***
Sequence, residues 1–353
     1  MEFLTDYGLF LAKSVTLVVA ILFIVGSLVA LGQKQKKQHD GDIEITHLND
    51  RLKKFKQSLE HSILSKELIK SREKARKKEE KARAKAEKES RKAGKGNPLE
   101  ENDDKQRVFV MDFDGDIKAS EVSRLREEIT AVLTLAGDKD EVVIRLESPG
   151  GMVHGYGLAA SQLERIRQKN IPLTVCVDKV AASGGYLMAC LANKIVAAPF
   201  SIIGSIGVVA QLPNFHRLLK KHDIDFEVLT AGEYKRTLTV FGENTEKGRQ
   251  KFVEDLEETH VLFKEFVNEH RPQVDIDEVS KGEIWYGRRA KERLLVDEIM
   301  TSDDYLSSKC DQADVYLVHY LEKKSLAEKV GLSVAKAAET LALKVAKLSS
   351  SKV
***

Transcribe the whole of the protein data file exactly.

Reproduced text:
Sequence, residues 1–353
     1  MEFLTDYGLF LAKSVTLVVA ILFIVGSLVA LGQKQKKQHD GDIEITHLND
    51  RLKKFKQSLE HSILSKELIK SREKARKKEE KARAKAEKES RKAGKGNPLE
   101  ENDDKQRVFV MDFDGDIKAS EVSRLREEIT AVLTLAGDKD EVVIRLESPG
   151  GMVHGYGLAA SQLERIRQKN IPLTVCVDKV AASGGYLMAC LANKIVAAPF
   201  SIIGSIGVVA QLPNFHRLLK KHDIDFEVLT AGEYKRTLTV FGENTEKGRQ
   251  KFVEDLEETH VLFKEFVNEH RPQVDIDEVS KGEIWYGRRA KERLLVDEIM
   301  TSDDYLSSKC DQADVYLVHY LEKKSLAEKV GLSVAKAAET LALKVAKLSS
   351  SKV